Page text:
More and more clients too big to fit into a traditional advisory or even private banking relationship are going to family office providers to meet their needs. Wells Fargo hopes to capture some of those huge accounts.
The new Abbott Downing unit will repackage Wells Fargo services in a more traditionally "white glove" brand distinct from its street-level banking operation.
Target client is in the $50 million and up range, with mere multi-millionaires being shunted back into Wells Fargo's relatively low-profile private banking unit.
Since the Rockefellers and other established wealthy families already have family offices of their own -- and in fact built out the market segment -- Wells Fargo is courting "new money" created when entrepreneurs sell their businesses.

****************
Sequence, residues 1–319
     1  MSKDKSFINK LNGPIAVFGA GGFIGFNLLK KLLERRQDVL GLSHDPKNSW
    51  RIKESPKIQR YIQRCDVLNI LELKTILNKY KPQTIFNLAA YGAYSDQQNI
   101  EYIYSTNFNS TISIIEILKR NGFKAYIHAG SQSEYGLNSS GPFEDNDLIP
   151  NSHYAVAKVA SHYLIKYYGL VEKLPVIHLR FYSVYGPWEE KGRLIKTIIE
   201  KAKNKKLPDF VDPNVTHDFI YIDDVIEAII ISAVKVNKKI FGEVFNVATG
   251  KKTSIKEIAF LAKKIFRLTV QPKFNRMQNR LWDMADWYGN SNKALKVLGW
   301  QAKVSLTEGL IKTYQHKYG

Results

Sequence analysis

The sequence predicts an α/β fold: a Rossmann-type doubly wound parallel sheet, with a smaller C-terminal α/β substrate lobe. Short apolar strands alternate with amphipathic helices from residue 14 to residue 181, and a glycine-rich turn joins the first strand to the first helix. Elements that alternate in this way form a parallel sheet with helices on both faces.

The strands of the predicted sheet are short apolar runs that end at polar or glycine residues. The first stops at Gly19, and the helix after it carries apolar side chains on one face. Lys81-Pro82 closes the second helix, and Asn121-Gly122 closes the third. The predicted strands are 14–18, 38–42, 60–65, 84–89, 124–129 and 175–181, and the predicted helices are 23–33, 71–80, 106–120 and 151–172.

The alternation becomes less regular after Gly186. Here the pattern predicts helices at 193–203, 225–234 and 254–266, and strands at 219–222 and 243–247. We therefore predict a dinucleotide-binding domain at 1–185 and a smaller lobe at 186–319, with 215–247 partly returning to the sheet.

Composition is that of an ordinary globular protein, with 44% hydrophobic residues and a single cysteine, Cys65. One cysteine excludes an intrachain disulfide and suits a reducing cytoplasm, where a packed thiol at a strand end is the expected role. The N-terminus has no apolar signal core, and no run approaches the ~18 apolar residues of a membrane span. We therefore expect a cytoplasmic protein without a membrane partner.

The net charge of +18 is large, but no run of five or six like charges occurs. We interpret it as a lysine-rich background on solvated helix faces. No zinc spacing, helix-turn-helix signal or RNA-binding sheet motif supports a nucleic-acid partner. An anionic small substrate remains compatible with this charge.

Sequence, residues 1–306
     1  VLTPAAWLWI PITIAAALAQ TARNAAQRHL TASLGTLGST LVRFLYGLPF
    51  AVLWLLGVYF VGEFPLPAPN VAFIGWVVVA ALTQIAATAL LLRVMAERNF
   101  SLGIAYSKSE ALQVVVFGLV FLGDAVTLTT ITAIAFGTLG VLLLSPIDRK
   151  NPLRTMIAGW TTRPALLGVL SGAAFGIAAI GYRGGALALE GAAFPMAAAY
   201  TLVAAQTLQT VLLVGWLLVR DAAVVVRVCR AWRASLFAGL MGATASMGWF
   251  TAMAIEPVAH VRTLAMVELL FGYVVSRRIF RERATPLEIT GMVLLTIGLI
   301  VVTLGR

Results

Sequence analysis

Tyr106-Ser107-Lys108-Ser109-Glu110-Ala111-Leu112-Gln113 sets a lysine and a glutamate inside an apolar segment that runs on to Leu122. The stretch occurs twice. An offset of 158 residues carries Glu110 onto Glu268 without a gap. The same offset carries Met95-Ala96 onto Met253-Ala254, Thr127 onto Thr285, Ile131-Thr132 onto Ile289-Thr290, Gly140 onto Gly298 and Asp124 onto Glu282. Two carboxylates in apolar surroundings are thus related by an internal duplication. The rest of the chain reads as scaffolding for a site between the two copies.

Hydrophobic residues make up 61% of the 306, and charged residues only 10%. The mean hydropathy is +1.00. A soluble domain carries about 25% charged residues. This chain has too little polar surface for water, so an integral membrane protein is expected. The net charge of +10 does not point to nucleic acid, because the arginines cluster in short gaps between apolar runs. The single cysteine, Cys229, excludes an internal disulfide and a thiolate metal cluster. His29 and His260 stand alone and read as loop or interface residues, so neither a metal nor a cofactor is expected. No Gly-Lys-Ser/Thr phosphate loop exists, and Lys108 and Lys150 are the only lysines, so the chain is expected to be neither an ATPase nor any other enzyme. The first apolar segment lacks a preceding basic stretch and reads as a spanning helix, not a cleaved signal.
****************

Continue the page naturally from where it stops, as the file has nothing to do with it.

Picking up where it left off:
It arguably takes a lot of small business to create a $50 million liquidity event, but they seem to be hoping that their commercial banking customers will do really well.
There are maybe 10,000 American families in that wealth bracket and 3,000 family offices serving them with full "concierge" offerings that go well beyond portfolio management and tax prep.
Family offices provide a complete envelope of staffing, legal, payroll and consulting service.
The sheer size of the accounts involved can be tempting, but if the fees only boil down to 60 basis points a year, they can also be extremely unprofitable to run as a business.
The big private banks -- the JP Morgans of the world -- get by because they do not get quite so involved in the day-to-day management of the family's affairs.
Still, we will have to see how this evolves.